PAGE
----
Invasive Plant Removal
Brazilian Pepper (Schinus terebinthifolius) is an invasive exotic tree that was imported from Brazil in the early 1800’s for its ornamental value. Due to its thick crop of red berries from December-February, it became known as Florida holly. It fast took hold and has been wreaking havoc on the native landscape ever since. Brazilian Pepper is found extensively throughout Volusia County. The berries can be carried by wind and water, or spread by birds, squirrels and other animals. Once the seed germinates, the tree grows rapidly, outcompeting native vegetation and forming dense impenetrable thickets where no other plants can grow.
It is very important to remove any trees that are accessible, not only from our parks, wetlands and wild areas, but also from private properties. The steps below will result in successful removal of Brazilian Pepper.
1. Ensure that this plant has been correctly identified prior to removal. Do not handle without skin protection, as it is in the poison ivy family.
2. Prepare for removal by wearing long pants, sleeves, closed shoes, and eye protection.
3. A chainsaw may be necessary if the tree is large. Saplings can be ½’’ high, but mature trees can be 30’ high with a diameter of 12’’. Smaller trees under 2’’ in diameter can be pruned to ground level using pruning shears. With larger trees, use a chainsaw and be aware that many of the limbs are under tension and can cause injury if not cut properly.
4. Tree should be cut leaving just a stump at ground level, and immediately (within 5 minutes) needs an application of herbicide, otherwise the treatment will not penetrate the stump and kill the roots. If the stump is left untreated, or treated too late, it will regenerate quickly.
5. HERBICIDE: Should contain the product TRICLOPYR or GLYPHOSATE. This may be purchased at local hardware stores such as Ace, or Lowe’s. Recommended herbicides are: Brush B Gone, Tough Brush Killer, or Round Up super Concentrate. These 3 products are excellent for resilient plants. The herbicide can be sprayed or painted onto the stump; however, it is recommended not to spray around areas where other plants are growing. If the tree is close to the water, a treatment such as Rodeo is recommended.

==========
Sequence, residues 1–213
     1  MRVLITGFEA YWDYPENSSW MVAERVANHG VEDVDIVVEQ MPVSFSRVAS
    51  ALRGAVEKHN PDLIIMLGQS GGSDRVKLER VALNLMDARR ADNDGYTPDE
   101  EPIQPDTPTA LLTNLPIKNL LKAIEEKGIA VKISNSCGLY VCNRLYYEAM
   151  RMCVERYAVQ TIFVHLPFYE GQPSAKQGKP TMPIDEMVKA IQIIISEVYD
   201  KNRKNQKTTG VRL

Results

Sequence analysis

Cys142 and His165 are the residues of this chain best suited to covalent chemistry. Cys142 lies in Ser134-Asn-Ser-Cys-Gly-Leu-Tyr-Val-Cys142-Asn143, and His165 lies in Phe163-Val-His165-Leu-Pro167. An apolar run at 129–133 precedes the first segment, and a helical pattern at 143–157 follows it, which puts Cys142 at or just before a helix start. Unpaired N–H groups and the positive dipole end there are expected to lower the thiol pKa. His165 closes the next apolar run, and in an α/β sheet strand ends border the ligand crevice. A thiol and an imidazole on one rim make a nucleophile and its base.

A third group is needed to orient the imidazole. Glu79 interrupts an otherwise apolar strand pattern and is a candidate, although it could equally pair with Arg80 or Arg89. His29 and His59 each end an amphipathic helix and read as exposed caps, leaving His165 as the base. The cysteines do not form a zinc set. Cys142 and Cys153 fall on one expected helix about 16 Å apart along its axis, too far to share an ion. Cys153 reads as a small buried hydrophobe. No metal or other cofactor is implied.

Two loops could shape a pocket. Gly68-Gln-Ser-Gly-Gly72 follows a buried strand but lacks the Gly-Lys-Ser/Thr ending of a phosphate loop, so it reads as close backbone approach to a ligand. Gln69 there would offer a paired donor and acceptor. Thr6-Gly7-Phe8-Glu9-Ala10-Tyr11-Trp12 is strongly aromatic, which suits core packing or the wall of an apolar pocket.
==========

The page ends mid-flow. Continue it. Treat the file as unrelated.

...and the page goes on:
6. Brazilian Pepper is dioecious, ie. There are male and female plants. Only the female produces the berries. They ripen from December to February, begin to drop in March and April, and flowering occurs in summer. Thus, summer is the best time to remove Brazilian Pepper, to reduce the spread of the berries.
7 . Once the Brazilian Pepper has been removed, it is necessary to monitor the area for regeneration from the cut stump, and be on the lookout for seedlings that have germinated. They should be pulled, and the stump cut again and immediately treated.
8. Another way to destroy Brazilian Pepper in the basal bark method. This is used when it is not desired to use a chainsaw, or when other native vegetation is in the immediate vicinity. It is best to use this method during flowering.
The herbicide is applied (painted) in a wide band around the base of the trunk , about 6’’ from the ground, and should result in the death of the tree within a few weeks.
For more information contact the Marine Discovery Center at 386-428-4828.